I'm trying to find the roots of a function involving Bessel functions.

Here is my code

Clear[f, eta, chi, omega, alpha, beta, h, M, T, v, rho, phi, a, n, k, Zeros, z];
eta = Sqrt[beta^2 (Sqrt[4 alpha^2 omega^2/beta^4 + 1] - 1)/(2 alpha^2)];
chi = Sqrt[beta^2 (Sqrt[4 alpha^2 omega^2/beta^4 + 1] + 1)/(2 alpha^2)];
beta = Sqrt[alpha^2*(14.682 phi)/a^2];
alpha = a^2*omega/k;
a = .5;
f[n_, k_, phi_] = eta*(BesselJ[n - 1, eta*a] - BesselJ[n + 1, eta*a]) - 
   chi*((BesselI[n - 1, chi*a] + BesselI[n + 1, chi*a])*(BesselJ[n,eta*a]))/BesselI[n, chi*a];

Plotting the functions for different values of $n$ and $\phi$

Manipulate[Plot[f[n, k, phi], {k, 1, 300}, PlotRange -> {-10^1.5, 10^1.5}], 
     {n,0, 5, 1}, {phi, .25, 3, .25}]

enter image description here

Now, based on this post FindRoot giving false roots with Bessel Functions , I tried to obtain a list of the roots just by renaming my function and manually introduce the values of $n$ and $\phi$ as follows

n = 0;
phi = .25;
k = z;
Zeros[z_] = f[n, k, phi];
(zeros = First@
  Quiet@NDSolve[{y'[x] == Zeros'[x], y[0] == Zeros[0], 
     WhenEvent[y[x] == 0, Sow[FindRoot[Zeros[z], {z, x}]]]}, 
    y, {x, 0, 40}, AccuracyGoal -> 1, 
    PrecisionGoal -> 1]) // AbsoluteTiming

But it is not working!!! Mathematica gives the following error

First::first: {} has a length of zero and no first element. >>
{0.044039, First[{}]}

Any support that you can give me is highly appreciated.

  • 1
    $\begingroup$ Exactly what are the values of n and phi when this happens? And anything else that will allow someone to get to exactly where you are finding this problem. That will allow someone to try to reproduce your FindRoot not finding any roots, thus your Reap being empty, thus your First of empty list failing. When something doesn't work then stripping off the Manipulate and all the things you have added to try to hide the details of the failures may help diagnose exactly what the problem is. $\endgroup$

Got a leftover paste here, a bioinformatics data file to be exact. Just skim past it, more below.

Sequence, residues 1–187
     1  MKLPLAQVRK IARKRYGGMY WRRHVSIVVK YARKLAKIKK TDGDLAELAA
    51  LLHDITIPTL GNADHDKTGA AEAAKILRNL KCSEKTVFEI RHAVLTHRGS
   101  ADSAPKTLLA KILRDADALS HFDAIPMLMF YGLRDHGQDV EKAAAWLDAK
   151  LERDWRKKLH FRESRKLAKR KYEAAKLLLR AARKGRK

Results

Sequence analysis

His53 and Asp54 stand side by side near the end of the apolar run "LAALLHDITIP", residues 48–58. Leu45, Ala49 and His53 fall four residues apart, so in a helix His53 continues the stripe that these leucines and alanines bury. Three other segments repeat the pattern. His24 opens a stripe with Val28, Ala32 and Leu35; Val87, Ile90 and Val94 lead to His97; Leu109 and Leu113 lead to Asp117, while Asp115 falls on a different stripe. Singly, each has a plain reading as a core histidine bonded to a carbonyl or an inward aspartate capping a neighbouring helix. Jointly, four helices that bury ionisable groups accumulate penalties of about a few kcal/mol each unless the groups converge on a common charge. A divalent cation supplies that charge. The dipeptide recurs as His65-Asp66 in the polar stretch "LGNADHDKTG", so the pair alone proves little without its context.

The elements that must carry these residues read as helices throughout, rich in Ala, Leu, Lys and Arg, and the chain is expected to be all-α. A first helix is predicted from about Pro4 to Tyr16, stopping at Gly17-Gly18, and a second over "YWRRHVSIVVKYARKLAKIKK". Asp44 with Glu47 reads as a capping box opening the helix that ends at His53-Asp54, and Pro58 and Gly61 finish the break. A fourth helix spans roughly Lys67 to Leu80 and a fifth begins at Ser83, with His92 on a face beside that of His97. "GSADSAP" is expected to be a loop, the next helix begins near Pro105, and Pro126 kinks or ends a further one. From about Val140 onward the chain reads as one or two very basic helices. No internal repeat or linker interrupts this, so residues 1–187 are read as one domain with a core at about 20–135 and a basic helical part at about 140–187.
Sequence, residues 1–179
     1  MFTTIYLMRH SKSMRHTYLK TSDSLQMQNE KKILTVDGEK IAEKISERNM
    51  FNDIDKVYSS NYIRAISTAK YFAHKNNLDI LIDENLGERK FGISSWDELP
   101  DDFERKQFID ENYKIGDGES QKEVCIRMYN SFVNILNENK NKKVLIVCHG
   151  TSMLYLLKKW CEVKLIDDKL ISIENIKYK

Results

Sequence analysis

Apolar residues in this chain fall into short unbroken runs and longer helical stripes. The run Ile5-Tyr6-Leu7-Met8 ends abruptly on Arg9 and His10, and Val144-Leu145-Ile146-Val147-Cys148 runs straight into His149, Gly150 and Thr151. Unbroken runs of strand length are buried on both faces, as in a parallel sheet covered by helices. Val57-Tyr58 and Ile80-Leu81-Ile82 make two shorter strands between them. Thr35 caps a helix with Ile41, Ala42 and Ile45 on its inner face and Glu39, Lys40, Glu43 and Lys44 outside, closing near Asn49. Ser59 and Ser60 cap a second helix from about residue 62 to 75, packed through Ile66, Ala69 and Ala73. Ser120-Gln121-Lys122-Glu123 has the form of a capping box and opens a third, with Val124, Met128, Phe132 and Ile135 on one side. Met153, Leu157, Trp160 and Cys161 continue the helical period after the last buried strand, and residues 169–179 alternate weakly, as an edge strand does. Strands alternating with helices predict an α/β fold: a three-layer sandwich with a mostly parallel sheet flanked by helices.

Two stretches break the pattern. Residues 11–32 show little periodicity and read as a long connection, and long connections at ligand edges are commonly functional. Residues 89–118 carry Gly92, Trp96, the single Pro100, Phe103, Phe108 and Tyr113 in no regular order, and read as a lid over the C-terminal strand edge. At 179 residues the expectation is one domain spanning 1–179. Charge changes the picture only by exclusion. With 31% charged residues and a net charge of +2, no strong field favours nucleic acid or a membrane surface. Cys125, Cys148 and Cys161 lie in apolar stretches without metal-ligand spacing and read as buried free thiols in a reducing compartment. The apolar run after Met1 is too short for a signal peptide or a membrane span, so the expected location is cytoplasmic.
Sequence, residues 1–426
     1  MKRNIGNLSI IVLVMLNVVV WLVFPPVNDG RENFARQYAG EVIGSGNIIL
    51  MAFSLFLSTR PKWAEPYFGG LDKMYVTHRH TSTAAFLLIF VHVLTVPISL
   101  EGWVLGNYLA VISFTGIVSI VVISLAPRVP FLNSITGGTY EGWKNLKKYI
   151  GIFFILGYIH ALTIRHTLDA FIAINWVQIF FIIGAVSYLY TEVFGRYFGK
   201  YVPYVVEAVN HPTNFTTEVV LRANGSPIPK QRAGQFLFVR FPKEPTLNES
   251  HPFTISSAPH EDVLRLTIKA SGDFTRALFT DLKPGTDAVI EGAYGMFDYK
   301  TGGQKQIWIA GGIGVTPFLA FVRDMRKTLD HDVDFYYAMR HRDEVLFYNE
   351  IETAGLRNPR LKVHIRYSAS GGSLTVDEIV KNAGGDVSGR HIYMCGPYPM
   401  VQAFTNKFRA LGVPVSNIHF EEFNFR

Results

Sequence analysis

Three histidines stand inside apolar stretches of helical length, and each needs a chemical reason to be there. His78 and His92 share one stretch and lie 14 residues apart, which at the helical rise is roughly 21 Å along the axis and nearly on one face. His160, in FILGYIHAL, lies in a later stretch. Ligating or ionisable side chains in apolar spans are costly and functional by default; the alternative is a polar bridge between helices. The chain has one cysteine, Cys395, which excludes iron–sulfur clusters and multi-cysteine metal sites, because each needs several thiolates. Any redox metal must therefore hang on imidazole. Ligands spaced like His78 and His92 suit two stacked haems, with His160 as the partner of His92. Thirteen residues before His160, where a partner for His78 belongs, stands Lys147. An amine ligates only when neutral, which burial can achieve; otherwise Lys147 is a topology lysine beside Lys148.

– Bill
    Commented Sep 6, 2014 at 15:02

2 Answers 2


I just used this as another test case for a different approach that I use a lot: it's based on my answer to Find all roots of an interpolating function.

First copy the definition of findAllRoots from that answer, then just do this:


roots {11.3873,41.2847,90.7297,159.864,248.719}

The option "ShowPlot"->True can be omitted if you don't want to se the plot displayed.

This shows the complete list of roots in the given interval {x, 0, 300}. Regarding the original source of the code for findAllRoots, I noted what I recalled in the linked answer, but I never was able to locate the old reference.

  • $\begingroup$ Sweet solution! +1 both of your sols/ans. Thanks a bunch! $\endgroup$ Commented Jun 24, 2015 at 15:39

For example with n = 2.5 and phi = 0.5:

sol = FindInstance[f[2.5, k, .5] == 0 && 10 < k < 300, k, Reals, 15] // Values // Flatten

{45.6831, 100.726, 175.08, 269.028}

p = Point[Transpose[{sol, Table[0, {Length @ sol}]}]];

Plot[f[2.5, k, .5], {k, 1, 300}, Epilog -> {Red, PointSize[0.02], p}]

enter image description here

  • 1
    $\begingroup$ (+1) because the question doesn't ask specifically for all the roots. But if you do want all the roots in an interval, FindInstance doesn't always work. For example, with a small modification to f[0, k, .25], this same approach yields multiple approximate copies of the same roots, but misses the one at 248.719. $\endgroup$
    – Jens
    Commented Sep 6, 2014 at 16:46
  • $\begingroup$ Thanks eldo! But this method is rather slow compared to the one proposed by Jens. $\endgroup$
    – Jemme
    Commented Sep 8, 2014 at 22:09

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